Open House Adventures

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Carl Nourse's Christmas Tradition

By Ben Swope

        Some of you may remember Mr. Carl Nourse and his Columbus, Cleveland & Northern Railroad in Delaware, Ohio. Carl’s facility was in the old NYC freight house off Central Ave, and across the main track from the brick passenger station.
        Inside this wood frame freight house Carl amassed a large Lionel standard gauge layout, with nearly every item Lionel ever made for this scale. Other “O” gauge layouts were intermixed within the freight house building, an on-site baggage car and boxcar. For several years, typically the Saturday before Christmas, Carl would open his private collection to the public. “For the children”, as Carl would say. Carl could get quite emotional about pleasing young children. The open house, I am sure, was expensive to put on. Carl hired Delaware City Police to direct traffic, passed out CCN engineer hats to the children, and had annual “train tickets” printed.
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Tickets to the annual Open House at the Columbus Cleveland & Northern Railway at the old New York Central freight house in Delaware.

        I and others with Fritz-Rumer-Cooke had the pleasure to do business with Carl on more than one occasion. He was always an honest and forthright man, whose handshake was a good as a written contract. Carl had the same old school values those of us with FRC were also brought up on.
        One project Carl had FRC do was to assemble a second spur track just inside the active curved track that served the OhioGro fertilizer facility, located north of Central Ave. from the freight house. On these two tracks he could store and work on a growing collection of actual railroad cars and motive power (being of 12-inches to the foot scale, if you will).
        Carl wound up collecting on these two tracks, two small Plymouth locomotives (a 2 axle and a 4-axle version), a passenger coach, a diner car, a caboose, and the office car once used by George Silcott in Worthington.
        The four-axle Plymouth locomotive, the coach, diner and office car were last used for Carl’s free holiday train rides back and forth down the active 1,000-ft spur. Again, all for the children.
        The second spur track was a dead ended on either end. The cost and legalities to have a turnout installed in the active spur was more than Carl wanted to get into, requiring CSXT track design approval, and construction to strict CSXT specifications. So, on two occasions, FRC was asked to “cut and throw” the active spur over to temporally connect the live track to the dead end spur.
        I personally oversaw the first track throw in 2012. The task was to first locate a proper location to do so (taking advantage of existing track joints and such). The track shoulder was excavated to allow the track to be shifted over, creating a curved lead to the end of the dead track. Then cut and fit rails to make the temporary connection.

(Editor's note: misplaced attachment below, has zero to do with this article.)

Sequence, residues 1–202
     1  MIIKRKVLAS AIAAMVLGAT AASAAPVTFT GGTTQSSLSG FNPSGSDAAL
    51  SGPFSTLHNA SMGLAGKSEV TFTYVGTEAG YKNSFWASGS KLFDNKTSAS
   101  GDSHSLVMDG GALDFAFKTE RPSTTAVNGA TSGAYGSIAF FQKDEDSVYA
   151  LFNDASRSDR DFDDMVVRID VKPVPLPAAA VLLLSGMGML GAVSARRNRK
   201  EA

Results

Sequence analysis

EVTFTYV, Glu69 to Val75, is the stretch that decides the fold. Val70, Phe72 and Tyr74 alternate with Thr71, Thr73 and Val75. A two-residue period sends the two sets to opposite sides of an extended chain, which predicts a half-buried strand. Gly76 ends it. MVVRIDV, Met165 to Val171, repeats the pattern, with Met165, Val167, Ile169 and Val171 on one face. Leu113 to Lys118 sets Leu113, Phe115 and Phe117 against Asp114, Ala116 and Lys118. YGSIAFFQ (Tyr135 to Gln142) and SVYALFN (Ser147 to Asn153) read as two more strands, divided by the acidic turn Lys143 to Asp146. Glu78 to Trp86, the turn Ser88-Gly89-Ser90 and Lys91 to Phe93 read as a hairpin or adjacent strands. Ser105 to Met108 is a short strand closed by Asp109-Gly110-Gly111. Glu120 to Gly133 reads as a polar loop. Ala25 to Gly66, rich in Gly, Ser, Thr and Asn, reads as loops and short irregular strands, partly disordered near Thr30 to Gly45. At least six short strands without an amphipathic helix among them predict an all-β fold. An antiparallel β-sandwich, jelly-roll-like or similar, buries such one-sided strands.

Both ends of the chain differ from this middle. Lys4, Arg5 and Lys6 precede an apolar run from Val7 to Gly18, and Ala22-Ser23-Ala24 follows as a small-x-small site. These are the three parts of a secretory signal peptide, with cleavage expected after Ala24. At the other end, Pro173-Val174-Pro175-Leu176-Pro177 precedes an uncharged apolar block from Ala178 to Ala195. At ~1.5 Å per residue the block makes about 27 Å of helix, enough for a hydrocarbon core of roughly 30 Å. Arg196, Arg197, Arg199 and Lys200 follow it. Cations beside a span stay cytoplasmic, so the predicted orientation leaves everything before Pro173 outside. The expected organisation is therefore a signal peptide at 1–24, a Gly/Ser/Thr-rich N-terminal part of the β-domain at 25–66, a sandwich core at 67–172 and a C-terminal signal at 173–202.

Prior to the track throw, three passenger cars were positioned ahead of the work. The lead car was diverted into the dead spur, the middle car was dragged back down the active track, and the heavy six-axle office car pulled onto the dead spur. This meant the cut and throw was done twice that day to arrange the cars in order to Carl’s liking.
        Given these were passenger cars (at 70+ feet long), and the track was temporary, great care had to be made to give them the most level and sweeping curve possible, otherwise the car’s draft gear could bind and derailment occur. Though I was biting my fingernails, we pulled it off well for that 2012 move.
        The following year, we were asked to do the same stunt. I was unavailable to manage the project for this second cut and throw work. And apparently the temporary constructed curves were made too sharp for the equipment and the office car was derailed. After much fussing and a bit of cussing, the crew was able to “walk” the car back onto the rails with minimal damage to the car. Not every railroad project goes as planned, and this one was proof.
        I had the pleasure to attend Carl’s last holiday open house, finding myself riding the train on the very last run for the day, made just for Carl, his family and his many volunteers. While gawking at the interiors of the coupled passenger cars, back we rolled one more time with me alone in the observation area of the office car, watching the track as we rolled back and then forward. On returning to the coach and finding Carl there with his family, I informed him I had just performed the official duty of a rolling track inspection from his office car, finding no defects to report.
        After Mr. Nourse’ passing in 2015, I attended the public sale of the remaining contents of the freight house. Though the auction was a cold business-like affair, I was pleased to once again encounter several of the volunteers to Carl’s past holiday open houses and others who knew Carl personally.
        At the action, I was able to win the bid on several items of Carl’s that were directly connected to his open house adventures. These, for me, help to keep the memory alive of a short lived Central Ohio railroad tradition and of a man who so loved the children.
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Young folks are enjoying Carl's annual Open House.

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Another view of the Carl Nourse Lionel Standard O Gauge Layout.

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The Mountain Top Coal Mine - a Lionel Model layout once displayed at COSI in Columbus.